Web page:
• Hi Peter, you are expected to bring your French marriage certificate as well (there is a link to order under the “what to bring” section), but we did not need to bring our American one. They don’t care if you’re married in America because the visa is predicated on French marriage rights. No need to translate anything if it is in French or English.

  • Bonjour Charli!

    Premièrement, merci pour cet article, qui nous as beaucoup rassuré sur la procédure de demande de Visa.

    J’ai une question concernant le formulaire CERFA de demande de Visa: il y est demandé si, lors du séjour (>1 an), la personne demandant le Visa est à la charge financière d’un Français.

    Nous avons répondu positivement, et y avons inscrit mon nom. En effet, mon mari n’as pas encore de travail et donc pas encore de justificatif de revenus.

    Penses-tu, que le consulat Français lui demandera des justificatif de mes revenus ? T’avaient t-ils demandé quelconque justificatifs de subsistence financière en France?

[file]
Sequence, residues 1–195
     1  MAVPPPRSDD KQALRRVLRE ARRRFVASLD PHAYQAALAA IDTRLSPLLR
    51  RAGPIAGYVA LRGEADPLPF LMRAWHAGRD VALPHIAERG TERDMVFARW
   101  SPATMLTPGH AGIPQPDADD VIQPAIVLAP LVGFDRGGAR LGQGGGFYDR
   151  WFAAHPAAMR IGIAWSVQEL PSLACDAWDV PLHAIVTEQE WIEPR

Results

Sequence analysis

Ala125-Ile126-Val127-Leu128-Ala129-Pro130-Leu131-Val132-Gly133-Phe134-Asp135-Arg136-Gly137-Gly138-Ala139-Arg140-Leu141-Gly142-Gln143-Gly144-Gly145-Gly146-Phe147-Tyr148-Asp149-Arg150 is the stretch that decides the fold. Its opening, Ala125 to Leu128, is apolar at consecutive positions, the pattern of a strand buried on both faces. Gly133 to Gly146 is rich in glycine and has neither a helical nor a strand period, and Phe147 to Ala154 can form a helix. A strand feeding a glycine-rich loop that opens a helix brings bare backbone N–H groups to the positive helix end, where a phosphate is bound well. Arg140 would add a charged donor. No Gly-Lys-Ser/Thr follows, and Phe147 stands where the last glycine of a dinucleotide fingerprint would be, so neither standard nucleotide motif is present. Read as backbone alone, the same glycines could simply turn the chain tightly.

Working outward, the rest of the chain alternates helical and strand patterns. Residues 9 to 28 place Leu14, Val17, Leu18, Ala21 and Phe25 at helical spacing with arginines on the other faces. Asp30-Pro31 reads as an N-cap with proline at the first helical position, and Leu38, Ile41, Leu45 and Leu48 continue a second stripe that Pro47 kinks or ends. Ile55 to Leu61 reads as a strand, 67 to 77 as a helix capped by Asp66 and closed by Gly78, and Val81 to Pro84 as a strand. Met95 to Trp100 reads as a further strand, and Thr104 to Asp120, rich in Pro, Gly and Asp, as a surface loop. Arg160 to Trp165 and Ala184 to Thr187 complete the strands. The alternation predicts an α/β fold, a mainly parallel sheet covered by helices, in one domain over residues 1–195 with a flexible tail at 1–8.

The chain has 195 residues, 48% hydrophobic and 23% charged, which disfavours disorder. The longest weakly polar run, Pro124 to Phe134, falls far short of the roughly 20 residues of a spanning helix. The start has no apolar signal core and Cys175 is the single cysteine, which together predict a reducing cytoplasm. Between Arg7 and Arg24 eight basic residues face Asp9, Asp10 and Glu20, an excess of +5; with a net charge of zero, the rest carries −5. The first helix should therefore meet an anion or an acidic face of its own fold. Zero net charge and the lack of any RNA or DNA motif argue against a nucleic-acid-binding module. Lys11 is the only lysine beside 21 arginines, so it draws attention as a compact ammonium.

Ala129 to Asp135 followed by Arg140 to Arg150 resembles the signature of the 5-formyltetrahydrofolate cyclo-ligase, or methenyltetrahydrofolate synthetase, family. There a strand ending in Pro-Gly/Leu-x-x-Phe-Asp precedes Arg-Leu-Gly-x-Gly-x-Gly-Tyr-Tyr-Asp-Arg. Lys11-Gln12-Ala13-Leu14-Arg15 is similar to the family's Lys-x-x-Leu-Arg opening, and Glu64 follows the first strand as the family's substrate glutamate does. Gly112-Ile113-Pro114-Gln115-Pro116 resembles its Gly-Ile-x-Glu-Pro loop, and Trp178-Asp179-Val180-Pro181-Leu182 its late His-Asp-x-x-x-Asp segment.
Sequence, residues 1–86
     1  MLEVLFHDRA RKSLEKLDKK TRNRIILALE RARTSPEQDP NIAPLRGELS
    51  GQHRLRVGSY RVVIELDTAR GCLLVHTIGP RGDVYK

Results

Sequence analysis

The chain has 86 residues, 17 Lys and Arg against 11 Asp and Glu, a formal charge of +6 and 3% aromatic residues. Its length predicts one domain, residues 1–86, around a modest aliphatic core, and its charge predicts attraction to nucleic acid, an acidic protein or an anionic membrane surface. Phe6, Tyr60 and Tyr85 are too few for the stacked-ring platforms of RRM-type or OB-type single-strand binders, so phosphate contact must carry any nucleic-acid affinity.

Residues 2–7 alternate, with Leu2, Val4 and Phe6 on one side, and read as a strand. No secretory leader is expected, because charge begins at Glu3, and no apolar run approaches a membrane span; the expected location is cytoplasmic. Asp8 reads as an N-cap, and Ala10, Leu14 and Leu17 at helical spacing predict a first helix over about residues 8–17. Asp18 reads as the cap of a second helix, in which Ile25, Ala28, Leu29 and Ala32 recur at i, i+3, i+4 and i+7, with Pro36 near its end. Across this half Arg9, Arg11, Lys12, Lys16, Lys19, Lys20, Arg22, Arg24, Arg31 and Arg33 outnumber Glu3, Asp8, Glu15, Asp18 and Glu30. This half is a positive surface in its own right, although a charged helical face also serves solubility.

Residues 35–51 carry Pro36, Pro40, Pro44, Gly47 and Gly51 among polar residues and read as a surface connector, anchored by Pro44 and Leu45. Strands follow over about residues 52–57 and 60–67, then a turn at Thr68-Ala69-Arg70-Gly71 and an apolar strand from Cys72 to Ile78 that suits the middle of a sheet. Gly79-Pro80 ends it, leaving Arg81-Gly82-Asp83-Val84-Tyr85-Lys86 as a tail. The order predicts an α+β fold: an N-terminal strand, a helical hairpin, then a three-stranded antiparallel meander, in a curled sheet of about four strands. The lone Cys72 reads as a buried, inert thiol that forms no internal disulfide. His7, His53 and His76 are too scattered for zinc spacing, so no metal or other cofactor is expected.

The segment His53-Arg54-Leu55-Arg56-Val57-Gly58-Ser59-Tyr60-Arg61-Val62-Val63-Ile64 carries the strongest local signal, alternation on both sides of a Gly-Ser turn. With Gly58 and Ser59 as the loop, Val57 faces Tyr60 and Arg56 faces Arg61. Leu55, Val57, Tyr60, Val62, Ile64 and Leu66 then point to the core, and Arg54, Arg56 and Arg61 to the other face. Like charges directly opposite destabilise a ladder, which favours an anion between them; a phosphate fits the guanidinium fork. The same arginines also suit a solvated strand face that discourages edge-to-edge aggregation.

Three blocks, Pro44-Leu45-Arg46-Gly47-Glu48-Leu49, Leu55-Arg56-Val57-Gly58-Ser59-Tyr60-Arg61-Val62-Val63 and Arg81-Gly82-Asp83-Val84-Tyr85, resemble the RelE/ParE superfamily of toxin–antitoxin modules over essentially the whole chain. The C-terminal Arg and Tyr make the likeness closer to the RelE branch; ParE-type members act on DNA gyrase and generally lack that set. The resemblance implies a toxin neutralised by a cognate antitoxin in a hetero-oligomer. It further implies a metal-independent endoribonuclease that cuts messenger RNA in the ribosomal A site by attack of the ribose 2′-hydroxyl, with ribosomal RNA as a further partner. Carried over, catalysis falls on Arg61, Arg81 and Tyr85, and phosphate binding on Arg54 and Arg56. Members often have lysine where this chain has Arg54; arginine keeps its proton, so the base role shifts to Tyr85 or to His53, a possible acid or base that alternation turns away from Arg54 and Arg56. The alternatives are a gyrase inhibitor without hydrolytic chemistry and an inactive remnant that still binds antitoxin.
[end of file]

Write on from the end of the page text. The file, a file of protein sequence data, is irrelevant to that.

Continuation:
Merci d’avance,

    Leslie et Stav

  • Hi Charli!

    First of all, thank you so much for this article, it’s very informative and reassuring! I feel much more at ease about the process having read your experience with it. I have a question, though, that I’m not sure you could answer but I figured I’d try! I’m a dual citizen (Mexico and US), and I’m going through the marriage procedures with the Mexican nationality, since my birth certificate is from Mexico. I want to apply for the long séjour visa in New York since some family lives there and it would be easier for me to make the trip. I want to have the French visa in my Mexican passport since it would match the nationality listed on my marriage certificate, as well as my birth certificate. I know I can apply for the visa in NY with a foreign passport as long as I show that I have permission to be in the country (a green card or a visa), but I also have a US passport. Do you think that the people at the visa office would understand this or would they be negative about me applying with a Mexican passport when I have an American one?